Harry Hynes and (Joe) Louis Joseph Bianca
Maritime Workers, Union Organisers and Brigadistas
Harry Hynes and Joe Bianca were among the American maritime workers who joined the International Brigades – 250 from the New York waterfront alone and hundreds more from other poor waterfront cities. Both were killed in Spain.
Harry Hynes and Joe Bianca were both important in the long struggle to organise American maritime workers. They were instrumental in the formation of the Marine Workers Industrial Union (MWIU) in the early 1930s. The MWIU was formed largely by former members of the Industrial Workers of the World (IWW) and by members of the Communist Party. It was an industrial union, as opposed to a craft union, and made a sustained effort to build unity among black and white maritime workers. Although it lasted only a few years, it laid the basis for the formation of the National Maritime Union (NMU). During the Cold War, all communist members of the NMU were expelled. In 2001, NMU merged with the Seafarers International Union of North America.
Harry Hynes was an British seaman who sailed out of American ports. He had studied at the University of Melbourne, Australia and had attended the Officer Training School in England during the 1st World War. Harry had been a member of the IWW and later a dedicated Communist. He was the first National Secretary of the MWIU and had a leading role in the launching of the important newspaper Waterfront Worker on the San Francisco docks and the I.S.U. Pilot (I.S.U. = International Seamen’s Union) in New York. Along with others of the MWIU leadership, he and Joe Bianca were revered for their “courage, honesty and selflessness” . Bianca was also revered for by none other than Harry Bridges for his knowledge of unionism.
Joe Bianca (born Louis Joseph Bianca in 1906)
Joe Bianca was an Italian-American who went to sea in 1924 at age 19. Like Harry Hynes, he was a pioneer in the organising of maritime workers, and also like Harry, he helped lay the basis for NMU. In the 1920s, Joe traveled from port to port educating and organising fellow maritime workers.
He had been a member of the IWW, but joined the Communist Party in 1927. In 1931, Joe was elected to the National Board of the MWIU. He continued organising maritime workers into the new militant MWIU, despite the fact that there were no funds to support even the top officers of the new union, and he often didn’t have the price of a cup of coffee and had to sleep on the floor of the union hall. Joe’s influence grew, such that in 1932 he was sent as the MWIU delegate to the congress of the International of Seaman and Harbour Workers (ISH) in Hamburg.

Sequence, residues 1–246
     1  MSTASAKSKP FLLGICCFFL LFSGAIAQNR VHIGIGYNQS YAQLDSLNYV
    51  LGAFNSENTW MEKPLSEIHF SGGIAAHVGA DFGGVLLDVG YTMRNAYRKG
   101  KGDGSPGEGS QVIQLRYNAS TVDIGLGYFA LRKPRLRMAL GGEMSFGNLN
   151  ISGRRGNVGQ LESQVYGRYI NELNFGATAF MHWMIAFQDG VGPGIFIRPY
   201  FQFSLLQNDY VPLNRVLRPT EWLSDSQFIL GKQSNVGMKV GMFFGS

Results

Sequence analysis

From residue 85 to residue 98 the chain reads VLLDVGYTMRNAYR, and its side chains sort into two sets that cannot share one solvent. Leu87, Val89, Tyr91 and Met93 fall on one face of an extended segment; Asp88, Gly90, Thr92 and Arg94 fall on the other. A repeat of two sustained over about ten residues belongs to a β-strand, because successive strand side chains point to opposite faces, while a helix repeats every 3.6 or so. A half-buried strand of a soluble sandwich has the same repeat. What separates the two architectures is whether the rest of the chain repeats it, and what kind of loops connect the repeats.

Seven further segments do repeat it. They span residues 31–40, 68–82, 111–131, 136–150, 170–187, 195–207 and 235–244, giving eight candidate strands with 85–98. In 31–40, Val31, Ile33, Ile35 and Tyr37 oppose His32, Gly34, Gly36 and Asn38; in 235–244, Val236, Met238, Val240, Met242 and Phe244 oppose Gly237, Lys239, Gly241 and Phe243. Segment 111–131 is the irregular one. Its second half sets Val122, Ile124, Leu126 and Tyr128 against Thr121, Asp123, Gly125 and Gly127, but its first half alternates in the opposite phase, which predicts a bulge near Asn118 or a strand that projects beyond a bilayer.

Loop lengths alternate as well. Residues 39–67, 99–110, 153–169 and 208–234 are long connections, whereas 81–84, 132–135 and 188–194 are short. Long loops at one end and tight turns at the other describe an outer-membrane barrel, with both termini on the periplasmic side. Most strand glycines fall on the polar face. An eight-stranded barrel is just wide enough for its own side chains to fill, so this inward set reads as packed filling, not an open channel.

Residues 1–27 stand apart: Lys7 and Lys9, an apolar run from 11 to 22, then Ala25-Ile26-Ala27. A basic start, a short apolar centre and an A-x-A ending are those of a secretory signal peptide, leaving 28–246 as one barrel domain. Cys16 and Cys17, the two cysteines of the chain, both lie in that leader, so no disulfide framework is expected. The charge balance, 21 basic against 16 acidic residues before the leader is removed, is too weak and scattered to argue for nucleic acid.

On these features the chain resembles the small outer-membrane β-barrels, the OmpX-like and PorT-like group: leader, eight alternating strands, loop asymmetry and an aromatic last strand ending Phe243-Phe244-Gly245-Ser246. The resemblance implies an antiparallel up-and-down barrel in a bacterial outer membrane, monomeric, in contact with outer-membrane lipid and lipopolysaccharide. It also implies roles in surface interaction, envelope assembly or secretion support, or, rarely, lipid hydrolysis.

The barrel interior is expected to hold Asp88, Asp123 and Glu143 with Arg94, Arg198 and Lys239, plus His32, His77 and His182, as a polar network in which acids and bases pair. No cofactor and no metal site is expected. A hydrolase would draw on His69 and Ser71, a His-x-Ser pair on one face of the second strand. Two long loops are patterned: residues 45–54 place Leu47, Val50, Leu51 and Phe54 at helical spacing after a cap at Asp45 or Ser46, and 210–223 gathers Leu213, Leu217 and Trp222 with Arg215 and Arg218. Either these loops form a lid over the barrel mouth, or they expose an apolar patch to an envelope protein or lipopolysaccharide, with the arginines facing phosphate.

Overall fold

Joe Bianca was described as an agitator rather than as a leader in the conventional sense, a man of absolute dedication. His fighting qualities found outlet during the West Coast strikes of 1934 and 1936-1937.
Joe arrived in Spain in June 1937 and became part of the Lincoln-Washington Battalion. According to fellow Lincoln, George Kaye, (who wrote the story about Joe Bianca “We Couldn’t Believe It…” from which most of the following quotes originate) “from that moment until the moment of his death he was an acknowledged leader of the men. It was during this year of ceaseless action that we all learned to love and respect this hard and fearless man, who’s most outstanding characteristic was his sound common sense. Through Quinto and Belchite, on to Fuentes de Ebro and the Levante Joe was always there, giving advice, helping out, sending no one to any place he would not go himself.” 
“The “Big Retreat” started and Joe devoted every moment to the section he commanded. Miraculously escaping death, a dozen times, he led his men – men who obeyed every command and trusted their tried and experienced leader. From Caspe he was sent to rest in Valls, and the Batea-Gandesa action took place while he was on leave. But he rushed back to the front and contacted the Battalion on the east coast of the Ebro immediately launching into the work of reorganization. He was commander Mike Pappas‘ right-hand man, and greatly through his efforts our Company was in fighting trim when marching orders came. In the days of action that followed the crossing of the Ebro he played the role that was always expected of him – he was here there, and everywhere, placing the guns, directing the fire.” 
“Then the unexpected happened; something happened that we were beginning to believe was impossible.”  Joe was killed on 19 August 1938 in Sierra Pandols during the Ebro Offensive. He was considered by his Commander, Milton Wolff, “the best soldier“  in the Brigade.
Abraham Lincoln Brigade Archive
Carroll, Peter N.: The Odyssey of the Abraham Lincoln Brigade: Americans in the Spanish Civil War, Stanford University Press, 1994
Cornell University: William Standard Papers, Collection Number: 5258
Forbes, Donald H.: Two Two Communist Brothers from Washington, New Hampshire and their Fight Against Fascism, Lulu Press, 2013
Kaye, George: “We Couldn’t Believe It…”, The Volunteer for Liberty, volume 2, no. 33, 6 October, 1938
Nelson, Bruce: Workers on the Waterfront: Seamen, Longshoremen, and Unionism in the 1930s, University of Illinois Press, 1990
 Nelson, p. 90
 Carroll, p. 131